Los Angeles Times

Riding with history as it takes flight

The story of the Navy’s first Black pilot roars into the sky alongside a tale of high-flying friendship.

- By Katie Walsh

JD Dillard’s 2016 breakout feature film, “Sleight,” was a lowbudget gem that showcased what this up-and-coming filmmaker could do. Applying an indie sensibilit­y to a gritty, magicinspi­red superhero origin story, his focus on character over spectacle made “Sleight” moving and memorable. In Dillard’s new film, the Korean War epic “Devotion,” the budget may have gotten bigger, and the sumptuous, soaring visuals more spectacula­r, but the emphasis on character remains the same.

That makes “Devotion” an emotional and fitting tribute to the real men behind an incredible true story. The experience­s of Lt. Tom Hudner and Ensign Jesse Brown in the Korean War are detailed in Adam Makos’ 2014 book, “Devotion: An Epic Story of Heroism, Friendship, and Sacrifice,” adapted for the screen by Jake Crane and Jonathan Stewart. Glen Powell, who has cornered the market on playing wingmen this year with “Devotion” and “Top Gun: Maverick,” plays Hudner; the remarkable actor Jonathan Majors plays Brown.

Working with Academy Award-winning cinematogr­apher Erik Messerschm­idt, Dillard creates an aesthetic for “Devotion” that harks back to classic war films: The pilots’ Brylcreeme­d coifs gleam against their leather bomber jackets; their shiny new Corsair planes sweep triumphant­ly through the clouds of coastal New England during their training flights. What they’re training for remains to be seen, as this crop of aviators missed out on “The Big Show” of World War II. Tom, a Naval Academy graduate, is antsy to prove himself. Jesse, the Navy’s first Black pilot, just wants to f ly.

Jesse also wants to settle down with his young family, and going to combat is the exchange he makes for doing what he loves, despite the worries of his wife, Daisy (Christina Jackson). Bachelor Tom is still searching for what he’s fighting for (aside from war hero status). He thinks it’s a woman, but he finds that his purpose in combat is right next to him, in his friend Jesse.

“Devotion,” at 2 hours and 18 minutes, takes its time building the world and the characters within, which proves to be crucial motivation for the second half ’s aerial action. In laying the groundwork, Crane and Stewart’s script is refreshing­ly restrained: It shows the characters in natural conversati­on as they work together and avoids clunky exposition.

We understand the racism Jesse has experience­d through tensions with the Marines aboard their aircraft carrier and an anecdote he relates to Tom about the grueling, unfair swim test he was subjected to by the Navy. We see how he struggles internally with the trauma of racism in the strange ritual he completes when he’s alone, repeating the horrible insults and slurs to himself in the mirror. “It helps,” he says ruefully when Tom catches him. It’s a coping mechanism that’s not explained or fixed, but just a part of his character.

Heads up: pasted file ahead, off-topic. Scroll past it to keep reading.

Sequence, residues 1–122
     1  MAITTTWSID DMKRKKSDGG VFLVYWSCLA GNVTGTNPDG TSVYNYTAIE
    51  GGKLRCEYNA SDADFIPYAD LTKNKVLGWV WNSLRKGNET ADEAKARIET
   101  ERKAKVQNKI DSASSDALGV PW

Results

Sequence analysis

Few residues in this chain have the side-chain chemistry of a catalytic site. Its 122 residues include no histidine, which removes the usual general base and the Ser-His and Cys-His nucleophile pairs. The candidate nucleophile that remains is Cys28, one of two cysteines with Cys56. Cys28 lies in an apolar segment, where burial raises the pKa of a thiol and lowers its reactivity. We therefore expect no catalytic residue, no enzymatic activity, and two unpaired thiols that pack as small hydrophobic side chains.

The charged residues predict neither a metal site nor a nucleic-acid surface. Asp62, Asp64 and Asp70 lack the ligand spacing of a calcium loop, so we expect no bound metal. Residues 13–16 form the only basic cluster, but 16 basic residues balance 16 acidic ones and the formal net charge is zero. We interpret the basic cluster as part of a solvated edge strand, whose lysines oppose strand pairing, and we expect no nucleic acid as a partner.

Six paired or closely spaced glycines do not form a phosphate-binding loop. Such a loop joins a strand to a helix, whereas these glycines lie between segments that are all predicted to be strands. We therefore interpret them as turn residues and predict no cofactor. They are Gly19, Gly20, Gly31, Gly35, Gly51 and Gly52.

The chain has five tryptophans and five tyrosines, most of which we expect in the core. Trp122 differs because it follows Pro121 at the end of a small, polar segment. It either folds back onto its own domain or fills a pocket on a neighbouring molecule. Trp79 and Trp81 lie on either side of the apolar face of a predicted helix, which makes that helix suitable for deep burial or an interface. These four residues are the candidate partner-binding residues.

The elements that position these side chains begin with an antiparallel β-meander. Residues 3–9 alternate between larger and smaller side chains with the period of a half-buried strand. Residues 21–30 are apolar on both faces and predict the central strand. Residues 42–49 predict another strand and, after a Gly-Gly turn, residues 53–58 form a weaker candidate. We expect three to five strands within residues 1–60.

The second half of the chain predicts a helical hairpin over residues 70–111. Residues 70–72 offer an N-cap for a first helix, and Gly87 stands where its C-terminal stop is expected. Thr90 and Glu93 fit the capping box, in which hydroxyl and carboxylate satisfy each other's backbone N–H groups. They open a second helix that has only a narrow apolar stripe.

At the same time, Jesse has become an important symbol — for the Navy, for the nation and for the Black sailors who run to the deck to watch his every takeoff and landing. Jesse, who keeps his emotions close to the vest, is uncomforta­ble when a Life magazine photograph­er wants a photo shoot of him, but he is quietly moved when one of the Black sailors presents him with a Rolex watch that they went in on as a token of their appreciati­on.

Powell, with his sharp, all-American profile, fills the bill of a clean-cut New England pilot from privilege, and the supporting cast, including Joe Jonas, Spencer Neville and Nick Hargrove as the other pilots, brings some personalit­y to the posse. Thomas Sadoski is particular­ly great as their no-nonsense but empathetic commander. But the performanc­e of the film is Majors’, who always makes the unexpected and interestin­g choice. It’s in the way he hooks a thumb in his flight suit, or the cadence of his speech, or the long look he gives a sailor who can’t believe that Elizabeth Taylor (Serinda Swan) has just invited this Black pilot to an exclusive Cannes casino.

It is fun to watch the boys flirt with French women during their shore leave, and while it may seem a dalliance before the action, it’s an important part of knowing Jesse and Tom, and their relationsh­ip, before we get to the high-flying heroism.

Tonally, “Devotion” remains steady, never going for over-the-top emotion or sensation, simply seeking to express something authentica­lly moving and human. It unmistakab­ly achieves that, delivering a stirring story of friendship during war, and beyond, that is both rare and real.

 ?? Eli Ade Columbia Pictures ?? IN “DEVOTION,” Jonathan Majors, left, and Glen Powell portray real Korean War figures.
Eli Ade Columbia Pictures IN “DEVOTION,” Jonathan Majors, left, and Glen Powell portray real Korean War figures.

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